As noted above, by including certain critical accounting policy disclosures in the footnotes, appropriate independent assurance on such disclosures could also be achieved in the context of the overall financial statements because the disclosures would be within the scope of the financial statement audit.
We believe that it would be advisable and preferable to defer, for at least the current reporting year, any consideration of an auditor's examination of the proposed critical accounting policy disclosures in the MD&A section. This is based on the current efforts to assimilate former Andersen clients by other audit firms, the potential for shorter filing periods for the 2002 reporting year and the need for one year of registrant experience with any new MD&A disclosures.
Therefore, should the Commission decide to amend MD&A to include critical accounting policies and wish to require auditor examination of this part of the MD&A section, we believe that the Commission should expose a specific rule on auditor examination of MD&A. This would allow the SEC, the audit profession and registrants to address both the suitability of the criteria on which to evaluate compliance, and the need to amend Section AT 701 to provide additional implementation guidance regarding the procedures that should be performed with respect to the disclosures about critical accounting estimates.
INITIAL ADOPTION OF ACCOUNTING POLICIES
We believe that robust disclosure of initial accounting policy selection is useful to users of financial statements. While APB No. 22, Disclosure of Accounting Policies, requires the disclosure of a newly adopted accounting policy if it is considered to be a "significant accounting policy", the current requirements of APB No. 22 do not entail the additional disclosures regarding existing alternatives considered in the Release.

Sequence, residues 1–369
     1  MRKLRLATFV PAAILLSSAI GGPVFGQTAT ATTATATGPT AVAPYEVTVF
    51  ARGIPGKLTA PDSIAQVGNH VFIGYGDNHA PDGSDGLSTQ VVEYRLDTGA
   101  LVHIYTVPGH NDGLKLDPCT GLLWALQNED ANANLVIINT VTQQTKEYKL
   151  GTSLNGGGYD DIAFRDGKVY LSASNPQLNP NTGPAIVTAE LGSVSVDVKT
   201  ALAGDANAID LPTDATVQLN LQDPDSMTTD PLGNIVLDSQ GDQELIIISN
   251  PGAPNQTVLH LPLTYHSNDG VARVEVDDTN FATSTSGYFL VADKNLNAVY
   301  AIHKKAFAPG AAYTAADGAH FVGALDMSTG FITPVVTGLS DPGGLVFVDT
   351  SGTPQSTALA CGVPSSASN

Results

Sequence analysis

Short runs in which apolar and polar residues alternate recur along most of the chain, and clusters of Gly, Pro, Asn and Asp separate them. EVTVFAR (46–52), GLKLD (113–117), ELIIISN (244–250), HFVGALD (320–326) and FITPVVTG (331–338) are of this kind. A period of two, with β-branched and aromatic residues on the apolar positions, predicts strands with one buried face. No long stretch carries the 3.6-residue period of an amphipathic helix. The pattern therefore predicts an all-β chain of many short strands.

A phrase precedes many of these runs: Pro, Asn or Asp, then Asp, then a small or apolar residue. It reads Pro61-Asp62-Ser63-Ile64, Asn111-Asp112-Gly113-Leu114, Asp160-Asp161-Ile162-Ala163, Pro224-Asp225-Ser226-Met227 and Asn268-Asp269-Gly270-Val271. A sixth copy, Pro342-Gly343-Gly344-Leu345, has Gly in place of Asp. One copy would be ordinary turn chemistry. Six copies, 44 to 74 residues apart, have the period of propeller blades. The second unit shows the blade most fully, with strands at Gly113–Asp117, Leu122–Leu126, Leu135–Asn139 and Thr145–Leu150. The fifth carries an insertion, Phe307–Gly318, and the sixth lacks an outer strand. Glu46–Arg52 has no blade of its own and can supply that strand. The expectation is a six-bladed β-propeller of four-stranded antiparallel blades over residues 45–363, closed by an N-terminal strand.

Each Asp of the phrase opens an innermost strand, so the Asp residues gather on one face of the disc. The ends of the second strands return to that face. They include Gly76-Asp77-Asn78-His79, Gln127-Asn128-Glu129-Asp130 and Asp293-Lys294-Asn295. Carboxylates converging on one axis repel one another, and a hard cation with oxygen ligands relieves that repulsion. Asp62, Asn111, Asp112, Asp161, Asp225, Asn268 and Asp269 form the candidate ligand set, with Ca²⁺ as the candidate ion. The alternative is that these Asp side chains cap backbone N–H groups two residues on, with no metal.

We believe that certain of the disclosures required by the Release relative to the adoption of accounting policies are more integral to the basic financial statements and should be included in the footnotes to the financial statements. We suggest that the Commission staff adopt certain of the disclosures in the Release through the issuance of a Staff Accounting Bulletin, as an interim step. The SEC should request the Financial Accounting Standards Board to add an agenda item to enhance or interpret existing generally accepted accounting principles to consider the disclosures included in the Staff Accounting Bulletin.
We also note that as currently drafted, the Release does not seem to require discussion of initial adoption of a new policy until a Form 10-K, registration statement or proxy statement is filed. As a result, the disclosure on initial adoption appears to contemplate an annual requirement only, with no disclosure for a policy initially adopted during an interim period. We believe that to maximize effectiveness and utility to the user, the disclosure requirements should also apply to quarterly filings.
While we support the overall objective of disclosure relative to initial adoption of accounting policies, we do not support certain features of the proposing release and have concerns regarding its implementation.